A summary of the event and seminar presentations are available online. CWEA also is planning a stormwater summit meeting in September and a November seminar on wet weather issues. Check here for more information. 


Washington Universities Open Stormwater Center
Washington State University (WSU; Pullman, Wash.) announced May 20 a new Stormwater Center and Green Infrastructure Partnership. The center joins WSU’s already established Low Impact Development Center and Watershed Stewards outreach program. A Washington Department of Ecology grant helped to fund the Center's development in Puyallup — an area that has been targeted in the U.S. Environmental Protection Agency’s green infrastructure initiative. Read more about the center’s goal to help develop stormwater solutions for restoring Puget Sound.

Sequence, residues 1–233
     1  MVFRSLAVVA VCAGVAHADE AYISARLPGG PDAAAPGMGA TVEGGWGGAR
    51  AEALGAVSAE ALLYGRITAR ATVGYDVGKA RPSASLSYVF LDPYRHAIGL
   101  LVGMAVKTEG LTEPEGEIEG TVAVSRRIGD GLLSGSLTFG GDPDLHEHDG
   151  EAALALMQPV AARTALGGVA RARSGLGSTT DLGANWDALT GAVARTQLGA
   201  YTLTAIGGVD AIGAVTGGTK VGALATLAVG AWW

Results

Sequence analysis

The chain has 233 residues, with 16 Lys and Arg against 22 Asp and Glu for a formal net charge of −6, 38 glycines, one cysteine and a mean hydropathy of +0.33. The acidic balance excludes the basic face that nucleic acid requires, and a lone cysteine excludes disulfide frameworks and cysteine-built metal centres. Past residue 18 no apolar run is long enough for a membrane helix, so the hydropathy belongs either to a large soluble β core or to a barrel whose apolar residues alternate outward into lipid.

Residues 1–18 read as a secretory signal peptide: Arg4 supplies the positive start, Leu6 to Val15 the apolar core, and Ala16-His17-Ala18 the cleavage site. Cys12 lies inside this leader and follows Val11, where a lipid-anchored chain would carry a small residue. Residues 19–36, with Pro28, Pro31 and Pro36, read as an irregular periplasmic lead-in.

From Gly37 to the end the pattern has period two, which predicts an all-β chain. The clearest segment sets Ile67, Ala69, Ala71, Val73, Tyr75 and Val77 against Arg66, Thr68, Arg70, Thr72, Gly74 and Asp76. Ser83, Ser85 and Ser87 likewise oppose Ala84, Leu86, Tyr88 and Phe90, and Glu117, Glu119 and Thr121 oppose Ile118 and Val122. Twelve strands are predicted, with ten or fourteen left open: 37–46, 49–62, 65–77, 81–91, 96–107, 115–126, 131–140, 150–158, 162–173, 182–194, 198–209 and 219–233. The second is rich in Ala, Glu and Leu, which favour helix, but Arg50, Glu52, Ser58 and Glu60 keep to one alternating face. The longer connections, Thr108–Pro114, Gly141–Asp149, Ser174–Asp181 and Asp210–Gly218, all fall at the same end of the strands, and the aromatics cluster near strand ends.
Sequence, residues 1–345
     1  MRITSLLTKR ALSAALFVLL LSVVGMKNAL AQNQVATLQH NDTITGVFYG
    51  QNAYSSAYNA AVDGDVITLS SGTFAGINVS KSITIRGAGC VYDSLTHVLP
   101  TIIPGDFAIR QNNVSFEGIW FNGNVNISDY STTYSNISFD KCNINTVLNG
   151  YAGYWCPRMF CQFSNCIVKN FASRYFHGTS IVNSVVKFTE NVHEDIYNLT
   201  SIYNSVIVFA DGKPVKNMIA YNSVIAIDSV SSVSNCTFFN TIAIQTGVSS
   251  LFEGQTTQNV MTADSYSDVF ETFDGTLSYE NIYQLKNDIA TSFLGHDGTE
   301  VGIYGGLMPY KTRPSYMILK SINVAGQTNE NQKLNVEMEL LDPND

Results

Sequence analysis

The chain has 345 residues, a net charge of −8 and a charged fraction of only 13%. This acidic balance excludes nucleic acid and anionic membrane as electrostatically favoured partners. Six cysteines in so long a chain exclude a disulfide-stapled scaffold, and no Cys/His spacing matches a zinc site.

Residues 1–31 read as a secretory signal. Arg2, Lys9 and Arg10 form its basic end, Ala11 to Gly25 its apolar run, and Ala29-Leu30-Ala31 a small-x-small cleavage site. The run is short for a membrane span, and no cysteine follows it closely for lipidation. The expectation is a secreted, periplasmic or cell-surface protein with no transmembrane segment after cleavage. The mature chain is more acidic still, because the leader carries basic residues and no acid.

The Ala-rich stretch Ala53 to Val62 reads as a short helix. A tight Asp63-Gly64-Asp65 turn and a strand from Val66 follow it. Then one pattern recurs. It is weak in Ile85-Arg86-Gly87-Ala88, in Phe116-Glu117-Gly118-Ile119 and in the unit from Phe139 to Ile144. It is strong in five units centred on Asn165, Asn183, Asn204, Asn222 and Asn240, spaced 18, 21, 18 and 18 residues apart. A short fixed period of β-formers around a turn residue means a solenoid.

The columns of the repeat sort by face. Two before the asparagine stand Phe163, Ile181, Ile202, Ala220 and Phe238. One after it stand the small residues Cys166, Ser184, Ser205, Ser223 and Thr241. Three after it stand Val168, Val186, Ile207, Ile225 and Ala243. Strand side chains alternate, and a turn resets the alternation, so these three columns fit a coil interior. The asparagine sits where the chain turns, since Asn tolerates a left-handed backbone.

Maryland Passes Fertilizer Use Act
To reduce nutrient loading of the Chesapeake Bay, Maryland has passed a bill that limits nitrogen and eliminates phosphorus in most fertilizers. The act also establishes best practices for public fertilizer application and a training and licensing program for professionals. The law, which should be fully implemented by October 2013, is designed to target commercial lawn care providers and homeowners who contribute 14% of nitrogen and 8% of phosphorus loadings according to the Chesapeake Bay Commission. Check here for more information.


Check This Out!
The Arbor Day Foundation’s National Tree Benefit Calculator determines, among other advantages, the amount of stormwater a tree will intercept depending on its species, location, and diameter.

Heal the Bay recently released its 2011 Beach Report Card. The report is coupled with a tool that allows users to find wet and dry weather grades for each beach along the West Coast.

Did we miss something? Feel free to suggest content by e-mailing Kristina Twigg at ktwigg@wef.org or WEF’s stormwater team lead, Seth Brown at sbrown@wef.org.